Multiplication
Times tables
There's a lot to be said for learning your times tables. Believe it or not I was never made to learn my tables so didn't until I started teaching and suddenly had to know them! I wish I'd put the time in and learnt them earlier in my life but as there was nothing I could do about this then I got to work learning them at the age of 22.
Some are easier than others. The twos, fives and tens shouldn't take too much work, then the threes and fours need to be learnt followed by the rest. The key is to look for tricks. I'm not saying there's a cheat for all the times tables but here are a few I know
Some are easier than others. The twos, fives and tens shouldn't take too much work, then the threes and fours need to be learnt followed by the rest. The key is to look for tricks. I'm not saying there's a cheat for all the times tables but here are a few I know
Twos  Doubling
Remember that the two times table is made up entirely of even numbers. 
Consecutive numbers
12 = 3 x 4 56 = 7 x 8 
Tens  All end in zero.
4 x 10 = 40 9987 x 10 = 99870 etc. 
Symmetrical
6 x 8 is the same as 8 x 6 so you only need to learn half your tables! Use a times table grid to help you (see below) 
Fives
Always end in 5 or 0 Half the 10 times table 
Elevens
Just repeat the number you're multiplying from 1 x 11 = 11 until 9 x 11 = 99. After that you need to look for another trick! 
Times table grid  up to 10 x 10
Multiplication Methods
When I was at school there was only one way to multiply  the column method. Nowadays students are taught lots of different methods which get to the same answer so I want to share a few new techniques with your here.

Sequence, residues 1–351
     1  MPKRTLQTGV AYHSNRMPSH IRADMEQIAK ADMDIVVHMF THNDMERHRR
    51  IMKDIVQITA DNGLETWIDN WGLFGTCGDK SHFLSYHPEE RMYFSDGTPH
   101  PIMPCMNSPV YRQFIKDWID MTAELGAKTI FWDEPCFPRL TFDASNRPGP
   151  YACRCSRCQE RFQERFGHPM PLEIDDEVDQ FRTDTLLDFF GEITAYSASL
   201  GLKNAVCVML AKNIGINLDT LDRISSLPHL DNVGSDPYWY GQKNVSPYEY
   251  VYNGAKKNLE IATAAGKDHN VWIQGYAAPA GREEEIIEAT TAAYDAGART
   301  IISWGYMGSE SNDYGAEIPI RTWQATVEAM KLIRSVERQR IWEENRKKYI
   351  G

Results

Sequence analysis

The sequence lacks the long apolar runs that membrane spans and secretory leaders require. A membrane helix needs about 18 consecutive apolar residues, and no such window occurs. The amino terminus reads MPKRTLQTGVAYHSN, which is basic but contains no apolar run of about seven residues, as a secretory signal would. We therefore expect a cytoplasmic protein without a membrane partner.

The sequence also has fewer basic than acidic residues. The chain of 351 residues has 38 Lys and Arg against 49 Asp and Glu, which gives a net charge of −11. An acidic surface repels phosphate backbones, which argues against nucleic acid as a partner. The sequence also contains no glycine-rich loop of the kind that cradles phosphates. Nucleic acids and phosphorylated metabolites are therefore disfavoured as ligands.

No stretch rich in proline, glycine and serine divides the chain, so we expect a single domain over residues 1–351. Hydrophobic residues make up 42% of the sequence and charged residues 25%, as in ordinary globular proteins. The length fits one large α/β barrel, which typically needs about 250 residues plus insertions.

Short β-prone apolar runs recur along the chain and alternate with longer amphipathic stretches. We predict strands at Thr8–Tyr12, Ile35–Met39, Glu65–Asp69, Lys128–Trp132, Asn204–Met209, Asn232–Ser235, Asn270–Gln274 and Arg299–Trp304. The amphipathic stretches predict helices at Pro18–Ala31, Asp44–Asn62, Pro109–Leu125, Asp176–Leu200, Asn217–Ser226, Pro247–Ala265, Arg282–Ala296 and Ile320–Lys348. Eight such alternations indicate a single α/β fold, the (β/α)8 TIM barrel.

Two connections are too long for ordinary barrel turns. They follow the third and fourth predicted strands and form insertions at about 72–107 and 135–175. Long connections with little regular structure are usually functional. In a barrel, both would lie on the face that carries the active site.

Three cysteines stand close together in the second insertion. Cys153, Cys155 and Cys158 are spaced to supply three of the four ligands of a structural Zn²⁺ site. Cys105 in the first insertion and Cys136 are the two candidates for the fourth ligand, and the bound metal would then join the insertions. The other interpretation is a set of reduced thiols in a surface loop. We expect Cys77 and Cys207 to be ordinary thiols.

Traditional Column Method
This is probably the method you're most familiar with. It requires you to totally multiply one number by part of the second, then moving on, adjusting for the fact that you're now in the tens column.
An example will make things clearer!
This is probably the method you're most familiar with. It requires you to totally multiply one number by part of the second, then moving on, adjusting for the fact that you're now in the tens column.
An example will make things clearer!
Example: 612 x 24
Step 1: Muliply 612 by 4. Always start from the right when multiplying and work backwards so you can carry any tens into the next column as needed. Step 2: Multiply 612 by 20. To do this you only need to multiply each part by 2 but be carful where you write your answer. Some people like to fill up the gap under the 8 with a zero since you're multiplying by 2 and 10. 
You'll note that this example didn't need you to carry over any tens since you had single digit answers until it didn't matter. If you were multiplying 617 x 24 you would have got 14 for your first multiplication. Write the 4 in the same spot you put the 8 last time and 'carry' the one. This simply means it will get added to whatever your next answer is, so when you do 1 x 4 = 4 you must write an answer of 5 (as 4 + the carried 1 is 5). With practise this becomes natural so don't worry!
Box Method
This quick and easy method is the one most often taught in primary school at the moment. It doesn't rely on any understanding and all you need to know is how to multiply single digit numbers and adjust for the zeros. What you're really doing is working with "place value" and like the method before filling the gaps with however many zeros you need to make the sum correct. I'll show you another example.